Tony Fadell, "father of the iPod," steps down from CEO post at Google's Nest
Tony Fadell, the founder and chief executive of Nest— the hardware firm acquired by Google in 2014 for $3.2 billion— has announced that "the time is right to 'leave the Nest.'"
Tony Fadell and his Nest thermostat
In a blog posting, Fadell wrote that the "transition has been in progress since late last year and while I won't be present day to day at Nest, I'll remain involved in my new capacity as an advisor to Alphabet and Larry Page."
He added that "Marwan Fawaz is joining Nest as the company's new CEO." Fawaz was formerly an executive at Motorola Mobility, which Google also acquired, failed to turn around, and eventually sold off to Lenovo.
Fadell had earlier worked at Apple, where he played an instrumental role in bringing the iPod to market, a role that had the media calling him the "father of the iPod." He and former Apple engineer Matt Rogers went on to cofound Nest Labs, best known for the company's smart home thermostat. Nest and Apple had a close partnership that fell apart in 2014, when Google acquired the company for $3.2 billion.
Last year, a reorganization within Google placed Fadell in charge of the company's wearable Glass project. Fadell also remained in charge of Nest, which is now technically separate from Google under the firm's new umbrella company known as Alphabet.
A troubled tenure
Shortly after Google acquired his company, it was forced to suspend sales of its Protect smoke & carbon monoxide alarm over safety concerns.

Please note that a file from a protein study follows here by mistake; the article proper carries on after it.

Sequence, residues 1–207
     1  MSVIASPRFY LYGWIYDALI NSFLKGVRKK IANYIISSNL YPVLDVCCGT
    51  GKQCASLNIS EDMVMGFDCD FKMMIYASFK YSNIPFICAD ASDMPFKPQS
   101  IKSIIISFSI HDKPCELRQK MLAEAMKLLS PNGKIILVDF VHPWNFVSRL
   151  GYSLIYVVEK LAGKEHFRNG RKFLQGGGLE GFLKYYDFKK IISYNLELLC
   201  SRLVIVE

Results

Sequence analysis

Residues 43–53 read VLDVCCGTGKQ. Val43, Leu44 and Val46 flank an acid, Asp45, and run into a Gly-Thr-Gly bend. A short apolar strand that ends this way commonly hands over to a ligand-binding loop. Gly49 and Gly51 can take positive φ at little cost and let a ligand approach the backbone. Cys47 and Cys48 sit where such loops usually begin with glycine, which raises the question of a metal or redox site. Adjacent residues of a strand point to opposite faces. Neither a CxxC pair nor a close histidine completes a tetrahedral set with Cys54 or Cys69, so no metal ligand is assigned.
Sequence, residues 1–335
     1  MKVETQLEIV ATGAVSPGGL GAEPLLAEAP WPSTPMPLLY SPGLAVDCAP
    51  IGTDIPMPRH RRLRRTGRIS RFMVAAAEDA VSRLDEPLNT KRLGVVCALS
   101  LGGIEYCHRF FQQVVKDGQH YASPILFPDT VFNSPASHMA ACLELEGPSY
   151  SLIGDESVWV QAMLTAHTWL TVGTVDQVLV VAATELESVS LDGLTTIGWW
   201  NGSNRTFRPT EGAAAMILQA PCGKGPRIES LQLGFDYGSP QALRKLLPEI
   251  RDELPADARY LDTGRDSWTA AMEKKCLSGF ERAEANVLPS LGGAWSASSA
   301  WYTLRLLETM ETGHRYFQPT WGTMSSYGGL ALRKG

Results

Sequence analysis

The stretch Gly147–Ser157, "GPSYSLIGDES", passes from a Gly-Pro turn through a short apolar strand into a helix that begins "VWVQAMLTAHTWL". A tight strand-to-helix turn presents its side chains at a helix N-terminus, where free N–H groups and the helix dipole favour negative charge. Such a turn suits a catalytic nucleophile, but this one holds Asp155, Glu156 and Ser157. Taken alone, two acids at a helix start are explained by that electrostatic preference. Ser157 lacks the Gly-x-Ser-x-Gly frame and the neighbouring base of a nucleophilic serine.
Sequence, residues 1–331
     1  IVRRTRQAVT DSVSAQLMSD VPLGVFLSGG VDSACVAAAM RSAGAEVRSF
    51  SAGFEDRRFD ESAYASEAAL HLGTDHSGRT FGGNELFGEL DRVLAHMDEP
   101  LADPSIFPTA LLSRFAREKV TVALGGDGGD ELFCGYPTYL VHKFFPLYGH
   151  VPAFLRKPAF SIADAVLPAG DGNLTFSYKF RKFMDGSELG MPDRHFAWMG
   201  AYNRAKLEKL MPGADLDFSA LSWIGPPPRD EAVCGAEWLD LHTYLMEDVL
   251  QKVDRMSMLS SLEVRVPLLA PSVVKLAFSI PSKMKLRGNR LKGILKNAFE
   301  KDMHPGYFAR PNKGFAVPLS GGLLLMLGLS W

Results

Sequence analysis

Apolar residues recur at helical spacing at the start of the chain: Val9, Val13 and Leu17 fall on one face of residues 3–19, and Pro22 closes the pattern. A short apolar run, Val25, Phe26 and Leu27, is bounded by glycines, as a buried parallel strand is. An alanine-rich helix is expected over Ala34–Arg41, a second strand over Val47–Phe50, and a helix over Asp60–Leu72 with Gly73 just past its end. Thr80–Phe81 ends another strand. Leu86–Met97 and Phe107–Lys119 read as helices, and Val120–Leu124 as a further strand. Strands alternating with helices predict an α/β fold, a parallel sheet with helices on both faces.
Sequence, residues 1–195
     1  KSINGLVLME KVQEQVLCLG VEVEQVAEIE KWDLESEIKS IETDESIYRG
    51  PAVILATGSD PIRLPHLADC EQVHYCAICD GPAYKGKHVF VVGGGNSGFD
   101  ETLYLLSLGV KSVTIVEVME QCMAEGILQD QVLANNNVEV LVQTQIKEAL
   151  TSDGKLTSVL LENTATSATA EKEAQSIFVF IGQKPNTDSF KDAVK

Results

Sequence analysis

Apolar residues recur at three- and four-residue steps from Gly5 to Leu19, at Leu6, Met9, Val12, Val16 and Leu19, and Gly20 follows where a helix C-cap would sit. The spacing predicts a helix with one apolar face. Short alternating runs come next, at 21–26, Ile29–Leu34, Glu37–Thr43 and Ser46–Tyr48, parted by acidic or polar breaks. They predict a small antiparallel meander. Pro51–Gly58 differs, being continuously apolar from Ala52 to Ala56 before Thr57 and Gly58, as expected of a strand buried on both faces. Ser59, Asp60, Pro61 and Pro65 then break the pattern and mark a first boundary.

Earlier this year, a buggy software update for Nest thermostats caused many users to wake up in the cold, as the devices quickly drained their batteries and shut down, taking user's heating and cooling systems offline.
In February, Fadell was profiled in a scathing report that cited former employee who claimed "Nest's every step is administered to death" by its CEO, creating an environment where it's "always crunch time," as last-minute design changes result in unrealistically tight deadlines that force employees to work late nights and weekends.
Another former employee remarked, "I worked there. It was literally the worst experience of my career - and I have worked at all of the hardest charging blue chips and two successful startups - so it is not about high expectations - but abuse," one commenter wrote. "I still wake up with something like PTSD occasionally from getting yelled at and bullied by Tony Fadell almost literally every day while I was there."